I was all set to write this week about the EEOC's new Strategic Plan for 2012-16, but it was so darned vague, I'm not sure what I can meaningfully say about it. (In Roget's Thesaurus, or maybe it was The Devil's Dictionary, somebody said "strategic" was a synonym for "so indefinite that you can easily take the credit for achieving your goals, and no one will be the wiser if you failed. See also
Fellow blogger Jon Hyman, among others, has already written an eloquent critique of the latest report from the Office of the General Counsel of the National Labor Relations Board on social media and protected concerted activity, and Dan Schwartz has a good roundup of what labor lawyers are saying about it (and also a call for employers not to overreact). If you haven't read Jon and Dan, you ...
A couple of interesting gems I got this week from other people (thanks, you guys!):
Pro hac vice statements defeat summary judgment! A federal judge in North Carolina denied summary judgment to a law firm who was sued by an associate for wrongful discharge based on race. Although the law firm's evidence showed that the associate was a poor performer, the judge found that statements made in ...
Ah, February! The month of love! Of course, if you're a lawyer, you see the worst of humanity and never get to hear about true, faithful, honorable, self-sacrificial love -- sexual harassment is as close to "love" as we ever get. (See, you thought lawyers were just jerks - now you feel sorry for us!)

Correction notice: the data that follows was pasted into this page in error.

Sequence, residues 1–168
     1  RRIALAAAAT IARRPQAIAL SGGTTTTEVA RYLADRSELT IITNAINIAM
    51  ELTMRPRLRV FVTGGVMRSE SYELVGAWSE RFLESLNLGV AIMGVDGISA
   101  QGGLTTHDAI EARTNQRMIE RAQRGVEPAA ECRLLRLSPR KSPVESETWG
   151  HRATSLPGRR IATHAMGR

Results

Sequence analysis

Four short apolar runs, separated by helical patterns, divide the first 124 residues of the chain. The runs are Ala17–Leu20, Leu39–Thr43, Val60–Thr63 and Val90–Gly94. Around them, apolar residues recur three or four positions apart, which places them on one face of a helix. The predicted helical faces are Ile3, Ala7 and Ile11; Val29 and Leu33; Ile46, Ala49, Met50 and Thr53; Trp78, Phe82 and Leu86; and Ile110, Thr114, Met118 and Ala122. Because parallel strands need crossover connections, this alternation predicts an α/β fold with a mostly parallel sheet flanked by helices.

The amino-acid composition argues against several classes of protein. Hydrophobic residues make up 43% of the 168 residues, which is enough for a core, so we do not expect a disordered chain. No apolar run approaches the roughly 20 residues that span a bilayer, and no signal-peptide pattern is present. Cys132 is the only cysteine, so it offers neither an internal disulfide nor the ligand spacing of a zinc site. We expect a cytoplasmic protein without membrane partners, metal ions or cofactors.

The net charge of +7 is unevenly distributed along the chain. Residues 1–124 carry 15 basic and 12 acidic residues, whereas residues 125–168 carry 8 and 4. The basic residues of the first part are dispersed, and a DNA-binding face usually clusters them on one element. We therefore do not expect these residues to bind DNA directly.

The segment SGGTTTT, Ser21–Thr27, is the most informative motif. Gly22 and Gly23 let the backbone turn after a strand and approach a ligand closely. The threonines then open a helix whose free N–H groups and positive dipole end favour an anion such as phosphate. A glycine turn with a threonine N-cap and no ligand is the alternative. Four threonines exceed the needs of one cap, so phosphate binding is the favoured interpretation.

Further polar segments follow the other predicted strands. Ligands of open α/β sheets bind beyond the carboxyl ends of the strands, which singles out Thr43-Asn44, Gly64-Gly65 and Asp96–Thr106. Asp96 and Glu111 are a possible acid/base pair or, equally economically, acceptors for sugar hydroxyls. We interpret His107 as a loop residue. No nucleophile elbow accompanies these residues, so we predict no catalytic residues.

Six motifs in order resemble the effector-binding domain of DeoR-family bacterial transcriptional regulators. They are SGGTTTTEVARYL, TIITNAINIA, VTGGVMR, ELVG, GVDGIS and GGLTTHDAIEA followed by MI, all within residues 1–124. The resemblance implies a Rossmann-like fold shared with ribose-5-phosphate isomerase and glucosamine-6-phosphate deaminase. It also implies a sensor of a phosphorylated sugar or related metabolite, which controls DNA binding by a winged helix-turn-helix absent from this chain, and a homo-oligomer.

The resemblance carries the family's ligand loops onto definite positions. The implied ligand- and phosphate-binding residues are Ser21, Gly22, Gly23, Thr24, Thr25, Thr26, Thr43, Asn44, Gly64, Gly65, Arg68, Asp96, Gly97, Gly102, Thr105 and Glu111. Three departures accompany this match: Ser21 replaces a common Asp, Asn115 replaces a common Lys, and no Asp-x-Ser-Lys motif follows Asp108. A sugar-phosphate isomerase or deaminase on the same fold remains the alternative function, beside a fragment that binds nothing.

So, in honor of St. Valentine's Day, this is the best I can do. Here are two recent sexual ...
Colin O'Keefe of LXBN TV interviewed me yesterday about the NLRB's latest report on social media, and what it means for employers. Here it is, but you may want to turn the volume down before you start -- my volume was a lot louder than Colin's for some reason.
Colin, thank you for the interview and for your kind words about Employment & Labor Insider!
Last week, my post was about retaliation, and how employers can be liable and how they can defend themselves. As luck would have it, two recent court decisions illustrate beyond my wildest imagination how important this issue can be.
Five years between protected activity and adverse action? No problem! I said last week that most courts find that a six-month or more time lapse between the ...
Robin Shea has more than 20 years' experience in employment litigation, including Title VII and the Age Discrimination in Employment Act, the Americans with Disabilities Act (including the Amendments Act).